Darcy Good
Darcy Good
From: Nanaimo, BC
Medicine, MD Undergrad

Darcy Good is the first member of his nation to get into medical school. Now, he wants to use his training from UBC to improve mental health within his First Nation community of Snuneymuxw on Vancouver Island and across the province.

Why did you choose to go to UBC?

Vancouver Island will always be my home, no matter where in the world I am. Getting the opportunity to study in the UBC Medical program on Vancouver Island was absolutely perfect for me at the start of my medical education. It’s filled with supportive faculty and staff. If I had to go back and relook at things, there really is no other school I’d pick for my undergraduate medical education.

What drew you to your area of study?

In my early high school years, my family was going through a really difficult time. My stepfather had a minor heart attack and, then at the hospital, he had a major heart attack. All I remember is the intensive-care-unit doctor coming up to me and telling me he wasn’t going to let my stepfather die. Thankfully, he didn’t. During that time, my family had a lot of other things going on, too. My sister was struggling with her own mental health issues — and I don’t think she’d be here if my stepfather had passed away. Witnessing the impact that saving one life can make, not just on the individual but their entire family, had a huge effect on me.

What’s the most important lesson you’ve learned so far on your UBC journey?

I’d say that community is one of the most important factors for success. The university has recruited a lot of fantastic individuals. Getting to meet these people, who are also going to become doctors, has given me a lot of faith in the system. When times get really difficult, you can start to feel isolated and alone. Being surrounded by people who look out and care for me has brought me through some really hard times during the program. Not only did it reinforce the idea that it’s okay to ask for help, it reinforced why I got into medicine in the first place.

Why do you believe studying mental health is important?

Mental health is not something I thought I’d find such a strong passion for. I really thought I was going to do family medicine when I started medical school. Having applied to psychiatry, I have a strong appreciation for the notion that in order to attend to a patient’s physical health, we must first take a holistic approach to care, including focusing on their mental, emotional, and spiritual needs. If people don’t have the capacity to care about medications because they’re dealing with mental health issues, they’re not going to achieve optimal health outcomes. So, if we can address mental health issues, we can actually help people get better physically and help them live the most fulfilling lives possible.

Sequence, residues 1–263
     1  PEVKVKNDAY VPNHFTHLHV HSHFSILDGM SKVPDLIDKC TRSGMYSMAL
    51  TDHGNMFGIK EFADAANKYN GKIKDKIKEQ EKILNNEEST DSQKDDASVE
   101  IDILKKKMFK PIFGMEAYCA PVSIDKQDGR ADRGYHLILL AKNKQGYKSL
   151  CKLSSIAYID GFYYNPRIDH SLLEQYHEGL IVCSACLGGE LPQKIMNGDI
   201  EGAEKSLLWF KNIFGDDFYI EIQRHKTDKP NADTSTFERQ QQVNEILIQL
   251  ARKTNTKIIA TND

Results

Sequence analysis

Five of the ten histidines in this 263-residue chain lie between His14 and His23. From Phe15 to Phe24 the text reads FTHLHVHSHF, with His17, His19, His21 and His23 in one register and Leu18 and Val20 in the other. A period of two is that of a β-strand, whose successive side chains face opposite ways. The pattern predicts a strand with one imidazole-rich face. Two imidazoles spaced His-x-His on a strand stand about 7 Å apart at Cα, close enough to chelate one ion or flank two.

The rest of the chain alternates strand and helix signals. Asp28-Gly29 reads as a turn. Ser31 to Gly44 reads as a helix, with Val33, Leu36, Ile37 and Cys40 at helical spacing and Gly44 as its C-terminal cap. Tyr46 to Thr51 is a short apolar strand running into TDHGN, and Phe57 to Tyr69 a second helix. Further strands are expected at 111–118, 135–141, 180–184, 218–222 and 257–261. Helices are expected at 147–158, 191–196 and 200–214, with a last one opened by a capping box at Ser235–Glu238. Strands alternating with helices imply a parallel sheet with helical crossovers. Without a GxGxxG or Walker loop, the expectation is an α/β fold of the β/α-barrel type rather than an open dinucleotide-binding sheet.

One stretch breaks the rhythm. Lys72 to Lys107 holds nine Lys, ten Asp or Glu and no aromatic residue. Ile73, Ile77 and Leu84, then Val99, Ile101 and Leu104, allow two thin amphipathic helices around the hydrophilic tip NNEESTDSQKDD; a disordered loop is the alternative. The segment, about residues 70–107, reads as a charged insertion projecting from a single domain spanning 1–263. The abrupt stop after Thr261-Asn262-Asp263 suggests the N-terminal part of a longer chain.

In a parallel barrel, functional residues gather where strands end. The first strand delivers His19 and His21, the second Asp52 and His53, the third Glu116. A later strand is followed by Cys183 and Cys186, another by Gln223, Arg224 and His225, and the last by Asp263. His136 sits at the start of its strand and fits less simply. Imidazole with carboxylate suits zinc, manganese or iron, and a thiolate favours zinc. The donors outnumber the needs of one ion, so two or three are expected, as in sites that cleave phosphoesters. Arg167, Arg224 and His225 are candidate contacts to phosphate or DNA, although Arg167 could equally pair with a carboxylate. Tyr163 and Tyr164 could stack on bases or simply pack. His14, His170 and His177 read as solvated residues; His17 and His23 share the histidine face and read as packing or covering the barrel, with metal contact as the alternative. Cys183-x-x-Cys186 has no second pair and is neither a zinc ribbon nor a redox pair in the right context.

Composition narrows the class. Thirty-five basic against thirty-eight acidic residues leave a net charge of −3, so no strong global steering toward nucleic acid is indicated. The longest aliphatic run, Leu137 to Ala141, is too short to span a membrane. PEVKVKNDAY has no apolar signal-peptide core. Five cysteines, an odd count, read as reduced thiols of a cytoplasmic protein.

What do you value most in your UBC community?

I’d say the interactions with other students and people from around the world. It’s nice being surrounded by the best and brightest minds there are — to have conversations with those people and to see some of the groundbreaking research going on around UBC is an amazing experience.

What has been the highlight of your UBC experience so far?

There are so many, it’s hard to pick just one. When you go through clerkship in third year, you get into clinical training. You go from lectures and labs to working on the wards. It’s great being able to apply what you’ve learned and actually help people. And, I’ve also had the opportunity to travel throughout the province and across the country for clinical training. I’ve been able to see other areas of Canada that I probably never would have seen.

Who is the most inspiring person you’ve met at UBC, and why?

Well, my most inspirational person isn’t at UBC, but they’re the reason why I’m here. So, I’d have to say my mom is the most inspirational role model I have. She grew up in very poor conditions. No running water, no electricity. She’s the youngest of 10 children and she faced a lot of abuse and adversity growing up, things I couldn’t possibly imagine facing as a child. Not only did she overcome her traumatic experiences and struggles, but she gave everything she had to her children so that we could have the opportunities we’ve had. I hope that I’ve made the most of those opportunities, and that I can make her proud.

How do you feel Indigenous communities in BC could benefit from mental health services?

I had the opportunity to do an elective in Maple Ridge, where we also went to two First Nations communities for outpatient clinics. I got to watch my preceptor deliver mental health services directly to the people who needed them in a place where they felt comfortable and safe. There was a lot of appreciation for a physician committing to coming into the communities on a regular basis. We had full-day clinics with patients regularly coming in, and very few no-shows. A lot of the people in First Nations communities don’t necessarily have access to transportation that can get them to hospitals or major centres for mental health services. They might not even know these services are available. Hopefully, one day, we’ll bring these things directly into those communities, and we’ll be able to improve mental health across the Island.